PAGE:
Tall stalk of wildflower with purple petals.It’s cold and windy here today, and I should have expected it, because we had some icy precipitation late last night and that never bodes well for the morning.

But last weekend it was warm enough outside to wash the car and do some painting. So it had me hoping for an early spring.

No such luck.

But here I am anticipating it.

I’m looking forward to getting my hands dirty in the garden and uncovering the fig trees. I’m ready to sweep winter’s grime off the garage floor, and do a bit of spring cleaning. Hell, I’m ready for shorts and flip flops.

How about you?

Here’s Your Prompt:

  • In a letter to Paulinus, Pliny the Younger said, “…the happiest man, in my opinion, is he who lives in the conscious anticipation of an honest and enduring name, and secure of future glory in the eyes of posterity.” Do you agree or disagree? Why?
     
  • Remember Heinz Ketchup Commercial about anticipation? “So Good It’s Worth the Wait” ? Write about a time that anticipation was worth the wait. (This could be about you, or about a character in your story…)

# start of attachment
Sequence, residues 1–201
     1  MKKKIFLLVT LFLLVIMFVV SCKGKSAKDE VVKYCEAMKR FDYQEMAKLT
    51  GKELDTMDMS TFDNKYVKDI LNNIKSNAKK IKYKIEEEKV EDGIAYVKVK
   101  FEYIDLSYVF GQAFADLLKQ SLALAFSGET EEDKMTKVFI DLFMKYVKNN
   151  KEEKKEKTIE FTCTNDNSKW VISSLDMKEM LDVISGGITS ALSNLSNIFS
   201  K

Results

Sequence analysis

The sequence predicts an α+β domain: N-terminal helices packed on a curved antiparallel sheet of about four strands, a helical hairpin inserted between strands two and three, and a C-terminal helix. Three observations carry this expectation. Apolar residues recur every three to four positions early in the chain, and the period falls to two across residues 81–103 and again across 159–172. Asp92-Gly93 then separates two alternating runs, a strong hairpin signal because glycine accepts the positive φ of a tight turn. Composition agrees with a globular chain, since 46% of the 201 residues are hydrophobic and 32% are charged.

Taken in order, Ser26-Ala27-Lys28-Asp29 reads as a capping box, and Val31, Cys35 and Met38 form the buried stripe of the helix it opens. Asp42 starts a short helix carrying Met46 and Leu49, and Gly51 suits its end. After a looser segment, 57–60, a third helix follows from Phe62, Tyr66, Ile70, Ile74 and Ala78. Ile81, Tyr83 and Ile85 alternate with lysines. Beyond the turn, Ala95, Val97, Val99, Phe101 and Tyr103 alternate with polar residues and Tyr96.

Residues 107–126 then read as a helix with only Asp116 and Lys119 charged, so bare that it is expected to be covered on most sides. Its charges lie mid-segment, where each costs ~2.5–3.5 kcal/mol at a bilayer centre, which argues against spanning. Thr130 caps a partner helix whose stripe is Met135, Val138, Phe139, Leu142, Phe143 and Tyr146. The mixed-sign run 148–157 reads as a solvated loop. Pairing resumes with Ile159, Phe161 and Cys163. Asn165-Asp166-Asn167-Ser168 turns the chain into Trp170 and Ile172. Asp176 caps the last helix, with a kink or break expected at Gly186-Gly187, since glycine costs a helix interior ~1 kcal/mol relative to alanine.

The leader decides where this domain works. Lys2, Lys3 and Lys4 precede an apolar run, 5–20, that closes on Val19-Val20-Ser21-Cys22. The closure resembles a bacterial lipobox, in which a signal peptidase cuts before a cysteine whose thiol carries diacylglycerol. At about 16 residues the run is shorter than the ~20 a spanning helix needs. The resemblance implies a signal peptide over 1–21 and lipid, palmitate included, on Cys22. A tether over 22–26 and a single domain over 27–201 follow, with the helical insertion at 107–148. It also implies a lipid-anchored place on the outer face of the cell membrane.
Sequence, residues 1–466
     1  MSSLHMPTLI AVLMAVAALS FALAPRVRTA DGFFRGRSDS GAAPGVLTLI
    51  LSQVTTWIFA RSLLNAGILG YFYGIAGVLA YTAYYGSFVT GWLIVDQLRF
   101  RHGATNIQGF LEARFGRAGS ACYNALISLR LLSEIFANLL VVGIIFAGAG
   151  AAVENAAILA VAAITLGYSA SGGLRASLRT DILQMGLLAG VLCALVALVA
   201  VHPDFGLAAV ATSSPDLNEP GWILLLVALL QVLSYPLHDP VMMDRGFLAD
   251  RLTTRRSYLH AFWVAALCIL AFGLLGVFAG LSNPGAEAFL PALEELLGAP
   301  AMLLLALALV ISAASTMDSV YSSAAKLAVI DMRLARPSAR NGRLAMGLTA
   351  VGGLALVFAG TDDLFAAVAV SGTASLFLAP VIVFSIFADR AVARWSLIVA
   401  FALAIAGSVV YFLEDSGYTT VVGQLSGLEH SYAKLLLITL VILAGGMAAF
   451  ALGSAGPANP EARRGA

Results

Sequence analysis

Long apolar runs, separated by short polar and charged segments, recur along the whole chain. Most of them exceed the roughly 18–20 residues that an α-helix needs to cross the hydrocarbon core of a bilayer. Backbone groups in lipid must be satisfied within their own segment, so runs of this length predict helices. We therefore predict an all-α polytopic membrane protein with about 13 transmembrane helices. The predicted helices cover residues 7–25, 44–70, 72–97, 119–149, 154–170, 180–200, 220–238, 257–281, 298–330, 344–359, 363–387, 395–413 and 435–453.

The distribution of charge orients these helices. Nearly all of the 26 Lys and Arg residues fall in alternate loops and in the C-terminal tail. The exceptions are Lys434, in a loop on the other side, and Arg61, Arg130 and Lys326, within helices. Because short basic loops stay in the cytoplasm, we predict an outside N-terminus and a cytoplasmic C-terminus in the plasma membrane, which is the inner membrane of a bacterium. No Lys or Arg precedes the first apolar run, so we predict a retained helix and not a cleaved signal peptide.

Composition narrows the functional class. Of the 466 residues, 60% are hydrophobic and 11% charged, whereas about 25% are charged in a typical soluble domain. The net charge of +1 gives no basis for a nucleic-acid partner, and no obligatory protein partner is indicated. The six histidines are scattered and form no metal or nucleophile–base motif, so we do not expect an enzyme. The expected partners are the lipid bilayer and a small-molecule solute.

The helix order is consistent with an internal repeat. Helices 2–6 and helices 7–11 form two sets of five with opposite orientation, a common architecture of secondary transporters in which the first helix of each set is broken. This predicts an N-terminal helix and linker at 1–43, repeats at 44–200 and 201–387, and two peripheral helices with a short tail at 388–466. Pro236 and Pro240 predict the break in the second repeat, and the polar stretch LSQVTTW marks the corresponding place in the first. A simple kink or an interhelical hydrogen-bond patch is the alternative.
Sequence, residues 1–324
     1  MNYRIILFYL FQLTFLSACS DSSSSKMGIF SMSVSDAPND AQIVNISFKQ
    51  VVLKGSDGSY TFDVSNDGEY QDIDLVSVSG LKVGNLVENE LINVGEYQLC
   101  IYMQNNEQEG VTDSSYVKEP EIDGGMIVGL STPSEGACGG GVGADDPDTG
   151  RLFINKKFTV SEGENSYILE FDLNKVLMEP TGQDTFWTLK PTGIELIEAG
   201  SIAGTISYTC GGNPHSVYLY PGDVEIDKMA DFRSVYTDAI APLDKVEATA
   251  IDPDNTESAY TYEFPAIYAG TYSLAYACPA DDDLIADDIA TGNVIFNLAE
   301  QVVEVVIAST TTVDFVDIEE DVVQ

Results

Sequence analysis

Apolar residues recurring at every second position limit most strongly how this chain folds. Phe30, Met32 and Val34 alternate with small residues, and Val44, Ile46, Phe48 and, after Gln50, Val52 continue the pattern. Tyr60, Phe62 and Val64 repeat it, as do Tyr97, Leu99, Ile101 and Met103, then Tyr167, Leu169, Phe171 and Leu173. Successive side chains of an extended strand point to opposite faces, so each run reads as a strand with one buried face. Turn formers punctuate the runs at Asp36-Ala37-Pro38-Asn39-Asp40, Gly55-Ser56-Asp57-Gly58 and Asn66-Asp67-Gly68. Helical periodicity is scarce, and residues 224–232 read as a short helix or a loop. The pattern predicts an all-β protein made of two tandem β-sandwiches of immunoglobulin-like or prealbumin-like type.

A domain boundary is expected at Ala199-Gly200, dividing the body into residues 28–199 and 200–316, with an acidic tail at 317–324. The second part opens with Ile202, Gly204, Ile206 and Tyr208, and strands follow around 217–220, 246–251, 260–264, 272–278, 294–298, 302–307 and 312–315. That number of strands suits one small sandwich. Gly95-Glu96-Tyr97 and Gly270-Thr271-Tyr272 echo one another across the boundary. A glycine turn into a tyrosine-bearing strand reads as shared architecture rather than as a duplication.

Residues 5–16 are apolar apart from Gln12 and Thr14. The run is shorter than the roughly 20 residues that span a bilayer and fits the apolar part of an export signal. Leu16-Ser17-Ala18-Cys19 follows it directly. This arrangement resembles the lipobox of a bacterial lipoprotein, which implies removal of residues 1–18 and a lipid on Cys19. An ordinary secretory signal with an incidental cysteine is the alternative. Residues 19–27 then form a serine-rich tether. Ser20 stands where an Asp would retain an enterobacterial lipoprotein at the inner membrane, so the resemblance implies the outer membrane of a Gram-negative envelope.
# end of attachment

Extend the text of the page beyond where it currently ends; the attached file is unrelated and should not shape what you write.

• Conversely, write about a time when anticipation wasn’t worth the wait. How did that make you (or your character) feel? How did you (or your character) react?
     
  • Write a scene in which the main character is anticipating good news, and received bad news instead. Or, write a scene where your character is anticipating bad news, and receives good news instead.
     
  • Make a list of things you’re anticipating right now. Choose one or two and write predictions of what you anticipate will happen. Next, write how you’ll feel once these anticipated events will occur. Now, write and essay about your future. If you’re moved, write a poem instead.
     

Good luck!

Audio Edition of Stoned in Charm City – Coming Soon!